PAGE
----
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What Are Infrared Panels?

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  • Written By: Alex Newth
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  • Last Modified Date: 26 August 2014
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A reference to infrared panels may be referring to a couple different things. The term may refer to solar panels that are able to absorb more sunlight and, thus, more energy, than regular solar panels. It also may refer to special heaters that rely on radiant, infrared heat to warm a given space.

Solar panels function by absorbing light from the sun and turning the light into energy. Different panels are able to absorb different amounts of light from different levels of the light spectrum, both factors that govern the amount of potential energy produced. Most solar panels are unable to capture the sun’s infrared light from high on the energy spectrum, but a special type of material on infrared panels, known as low iron, is able to absorb this energy. Regular solar panels use normal iron material.

Aside from being able to absorb more types of energy from the light spectrum, infrared panels have a lower emissions figure. In terms of solar panels, this refers to how much of the captured energy is released back into the atmosphere. Regular solar panels release about 90 percent of their energy back into the atmosphere, while infrared solar panels only release about 3 percent.

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While there are many benefits to using infrared panels, a major drawback is that they are much more expensive than their standard counterparts. The price means that only two types of structures would readily benefit from infrared solar panels. Structures that need a large amount of energy and want to be entirely self-sufficient may benefit from using these panels, because of their higher potential energy and lower emissions. Structures in areas with very little sun and thick clouds also are likely to benefit from using infrared panels, because the panels will be able to make use of what limited sun is available.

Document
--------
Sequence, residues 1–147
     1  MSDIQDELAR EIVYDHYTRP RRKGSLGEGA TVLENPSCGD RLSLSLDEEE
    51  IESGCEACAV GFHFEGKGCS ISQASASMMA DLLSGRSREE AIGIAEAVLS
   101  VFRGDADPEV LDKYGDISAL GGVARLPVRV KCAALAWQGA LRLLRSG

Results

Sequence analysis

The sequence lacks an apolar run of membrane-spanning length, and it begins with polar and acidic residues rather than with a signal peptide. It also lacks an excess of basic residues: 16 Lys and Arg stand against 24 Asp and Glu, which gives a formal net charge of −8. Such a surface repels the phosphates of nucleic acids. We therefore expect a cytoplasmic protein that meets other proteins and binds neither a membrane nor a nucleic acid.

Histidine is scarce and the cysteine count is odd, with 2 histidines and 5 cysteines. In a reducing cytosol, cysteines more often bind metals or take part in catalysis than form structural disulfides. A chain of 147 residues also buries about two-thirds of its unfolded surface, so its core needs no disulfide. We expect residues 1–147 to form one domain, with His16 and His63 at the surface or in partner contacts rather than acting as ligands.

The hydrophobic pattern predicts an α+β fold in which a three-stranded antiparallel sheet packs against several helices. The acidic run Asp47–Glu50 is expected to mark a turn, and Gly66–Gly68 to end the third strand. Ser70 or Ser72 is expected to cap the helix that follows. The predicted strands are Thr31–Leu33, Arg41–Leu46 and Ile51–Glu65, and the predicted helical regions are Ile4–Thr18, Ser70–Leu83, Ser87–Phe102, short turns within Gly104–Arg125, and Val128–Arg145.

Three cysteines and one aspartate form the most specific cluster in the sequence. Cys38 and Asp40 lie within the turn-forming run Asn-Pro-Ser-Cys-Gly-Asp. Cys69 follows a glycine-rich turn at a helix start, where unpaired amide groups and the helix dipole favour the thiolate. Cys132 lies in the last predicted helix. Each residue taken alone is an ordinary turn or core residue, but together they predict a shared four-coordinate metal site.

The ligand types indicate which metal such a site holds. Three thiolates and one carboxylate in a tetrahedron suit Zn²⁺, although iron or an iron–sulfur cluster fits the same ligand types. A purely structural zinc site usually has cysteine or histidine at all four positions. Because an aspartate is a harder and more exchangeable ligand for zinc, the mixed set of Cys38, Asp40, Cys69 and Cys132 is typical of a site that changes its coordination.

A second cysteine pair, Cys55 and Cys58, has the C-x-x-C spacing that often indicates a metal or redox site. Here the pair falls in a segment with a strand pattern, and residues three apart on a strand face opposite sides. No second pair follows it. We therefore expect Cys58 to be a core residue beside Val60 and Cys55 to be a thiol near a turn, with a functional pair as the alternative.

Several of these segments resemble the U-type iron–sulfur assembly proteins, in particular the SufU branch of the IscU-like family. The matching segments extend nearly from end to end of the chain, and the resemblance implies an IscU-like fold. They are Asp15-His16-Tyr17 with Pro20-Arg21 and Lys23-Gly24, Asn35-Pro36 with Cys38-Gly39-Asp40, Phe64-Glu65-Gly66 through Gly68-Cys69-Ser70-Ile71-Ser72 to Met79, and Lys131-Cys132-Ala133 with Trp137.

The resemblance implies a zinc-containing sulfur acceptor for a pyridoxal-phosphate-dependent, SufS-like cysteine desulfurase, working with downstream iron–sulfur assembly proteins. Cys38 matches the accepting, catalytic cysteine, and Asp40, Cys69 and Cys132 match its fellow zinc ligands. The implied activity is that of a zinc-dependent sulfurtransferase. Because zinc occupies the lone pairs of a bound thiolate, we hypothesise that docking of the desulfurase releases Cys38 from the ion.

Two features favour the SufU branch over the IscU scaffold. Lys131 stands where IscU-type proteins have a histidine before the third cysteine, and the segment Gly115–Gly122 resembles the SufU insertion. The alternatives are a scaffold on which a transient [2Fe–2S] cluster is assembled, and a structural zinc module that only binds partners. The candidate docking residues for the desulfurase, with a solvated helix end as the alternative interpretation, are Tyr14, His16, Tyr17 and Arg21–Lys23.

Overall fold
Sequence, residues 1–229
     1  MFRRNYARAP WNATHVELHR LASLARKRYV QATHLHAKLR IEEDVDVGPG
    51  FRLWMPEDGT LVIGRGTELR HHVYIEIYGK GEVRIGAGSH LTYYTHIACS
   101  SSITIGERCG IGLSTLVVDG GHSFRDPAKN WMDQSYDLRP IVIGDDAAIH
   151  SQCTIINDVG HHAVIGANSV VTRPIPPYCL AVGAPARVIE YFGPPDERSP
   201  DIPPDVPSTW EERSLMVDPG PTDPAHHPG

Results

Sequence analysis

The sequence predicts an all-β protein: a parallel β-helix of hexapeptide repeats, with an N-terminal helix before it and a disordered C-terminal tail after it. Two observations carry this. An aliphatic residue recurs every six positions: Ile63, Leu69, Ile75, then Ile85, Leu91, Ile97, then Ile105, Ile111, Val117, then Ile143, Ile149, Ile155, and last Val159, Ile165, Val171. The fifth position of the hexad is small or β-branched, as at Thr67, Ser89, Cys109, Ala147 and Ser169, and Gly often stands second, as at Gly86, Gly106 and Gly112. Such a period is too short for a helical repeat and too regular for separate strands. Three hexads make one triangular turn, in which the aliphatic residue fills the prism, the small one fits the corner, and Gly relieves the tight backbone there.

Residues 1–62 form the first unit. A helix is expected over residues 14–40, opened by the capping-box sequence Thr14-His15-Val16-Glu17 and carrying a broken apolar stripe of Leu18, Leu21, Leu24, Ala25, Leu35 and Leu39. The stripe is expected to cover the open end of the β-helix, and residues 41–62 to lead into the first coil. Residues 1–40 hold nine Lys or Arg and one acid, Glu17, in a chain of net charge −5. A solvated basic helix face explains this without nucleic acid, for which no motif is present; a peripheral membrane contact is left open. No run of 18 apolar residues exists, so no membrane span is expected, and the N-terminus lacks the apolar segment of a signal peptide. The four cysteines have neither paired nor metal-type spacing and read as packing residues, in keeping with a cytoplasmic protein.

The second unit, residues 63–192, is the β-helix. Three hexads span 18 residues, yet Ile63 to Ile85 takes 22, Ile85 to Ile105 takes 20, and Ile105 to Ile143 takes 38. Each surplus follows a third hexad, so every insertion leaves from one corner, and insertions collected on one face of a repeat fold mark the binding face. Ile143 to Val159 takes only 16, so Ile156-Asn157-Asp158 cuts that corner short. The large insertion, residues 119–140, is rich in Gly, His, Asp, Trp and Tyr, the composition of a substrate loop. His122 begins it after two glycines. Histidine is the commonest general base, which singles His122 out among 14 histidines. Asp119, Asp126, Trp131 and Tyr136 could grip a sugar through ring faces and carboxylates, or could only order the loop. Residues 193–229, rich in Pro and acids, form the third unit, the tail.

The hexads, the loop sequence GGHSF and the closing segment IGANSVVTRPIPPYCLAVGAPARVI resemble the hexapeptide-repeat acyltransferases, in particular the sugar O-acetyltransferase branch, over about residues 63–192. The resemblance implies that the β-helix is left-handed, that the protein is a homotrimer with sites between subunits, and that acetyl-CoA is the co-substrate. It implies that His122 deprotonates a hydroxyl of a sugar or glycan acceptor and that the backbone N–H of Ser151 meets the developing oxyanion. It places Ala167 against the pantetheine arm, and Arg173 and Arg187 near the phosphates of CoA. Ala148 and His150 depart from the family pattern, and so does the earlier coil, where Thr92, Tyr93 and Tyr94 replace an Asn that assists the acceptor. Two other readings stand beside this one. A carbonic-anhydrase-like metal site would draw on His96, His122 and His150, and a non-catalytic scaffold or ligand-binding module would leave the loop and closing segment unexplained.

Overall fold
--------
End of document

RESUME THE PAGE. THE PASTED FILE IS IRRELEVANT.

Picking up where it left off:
Infrared heating panels do not absorb infrared energy the way solar panels do. Instead, they disperse it to create warmth. These panels are thin, so they can be mounted on a wall or placed under a desk to warm a room or a particular part of a room while using relatively little energy. When turned on, an infrared heating panel will begin to radiate heat by converting electricity into infrared energy, which will warm up the nearby air and eventually warm the entire room. The heating panels are commonly made of specially tempered glass that is designed to optimize infrared energy dispersion.

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JessicaLynn
Post 2

@starrynight - I think this would be a smart move. I know it sounds cheesy, but I really think solar power is the wave of the future.

As a country, we really need sustainable energy. We can't keep relying on oil for our energy forever! I wish the government would offer a tax rebate to people for powering their homes with infrared solar panels. We would all benefit in the long run.

starrynight
Post 1

I've always been interested in having a solar powered house one day. I'm not in a position to buy a house yet, but the idea of having a house that supplies itself with energy is really appealing.

I know where I live utility costs are very high. Plus, even if a storm took out a power line near you, you would still have power.

I think if I ever get to buy a house, I'm going to look into the infrared solar panels. I know they are more expensive, but they sound so much more efficient than the regular kind. This sounds like an investment that would pay off a lot in the long run.

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